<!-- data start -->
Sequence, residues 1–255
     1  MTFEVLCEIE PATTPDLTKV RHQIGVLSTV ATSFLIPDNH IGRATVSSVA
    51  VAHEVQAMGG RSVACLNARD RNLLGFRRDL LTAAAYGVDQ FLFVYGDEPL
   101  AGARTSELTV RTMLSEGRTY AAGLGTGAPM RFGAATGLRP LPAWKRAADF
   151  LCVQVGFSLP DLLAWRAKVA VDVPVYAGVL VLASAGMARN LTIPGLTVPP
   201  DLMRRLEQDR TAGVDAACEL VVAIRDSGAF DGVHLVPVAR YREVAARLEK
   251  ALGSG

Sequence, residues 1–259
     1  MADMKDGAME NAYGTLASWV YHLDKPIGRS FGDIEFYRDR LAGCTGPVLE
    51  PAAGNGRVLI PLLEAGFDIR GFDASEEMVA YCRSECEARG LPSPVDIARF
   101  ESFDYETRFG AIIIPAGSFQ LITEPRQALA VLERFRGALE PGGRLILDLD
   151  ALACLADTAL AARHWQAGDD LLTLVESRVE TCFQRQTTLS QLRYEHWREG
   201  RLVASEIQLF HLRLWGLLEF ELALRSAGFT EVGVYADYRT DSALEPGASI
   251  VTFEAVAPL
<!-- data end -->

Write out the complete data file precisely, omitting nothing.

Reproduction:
Sequence, residues 1–255
     1  MTFEVLCEIE PATTPDLTKV RHQIGVLSTV ATSFLIPDNH IGRATVSSVA
    51  VAHEVQAMGG RSVACLNARD RNLLGFRRDL LTAAAYGVDQ FLFVYGDEPL
   101  AGARTSELTV RTMLSEGRTY AAGLGTGAPM RFGAATGLRP LPAWKRAADF
   151  LCVQVGFSLP DLLAWRAKVA VDVPVYAGVL VLASAGMARN LTIPGLTVPP
   201  DLMRRLEQDR TAGVDAACEL VVAIRDSGAF DGVHLVPVAR YREVAARLEK
   251  ALGSG

Sequence, residues 1–259
     1  MADMKDGAME NAYGTLASWV YHLDKPIGRS FGDIEFYRDR LAGCTGPVLE
    51  PAAGNGRVLI PLLEAGFDIR GFDASEEMVA YCRSECEARG LPSPVDIARF
   101  ESFDYETRFG AIIIPAGSFQ LITEPRQALA VLERFRGALE PGGRLILDLD
   151  ALACLADTAL AARHWQAGDD LLTLVESRVE TCFQRQTTLS QLRYEHWREG
   201  RLVASEIQLF HLRLWGLLEF ELALRSAGFT EVGVYADYRT DSALEPGASI
   251  VTFEAVAPL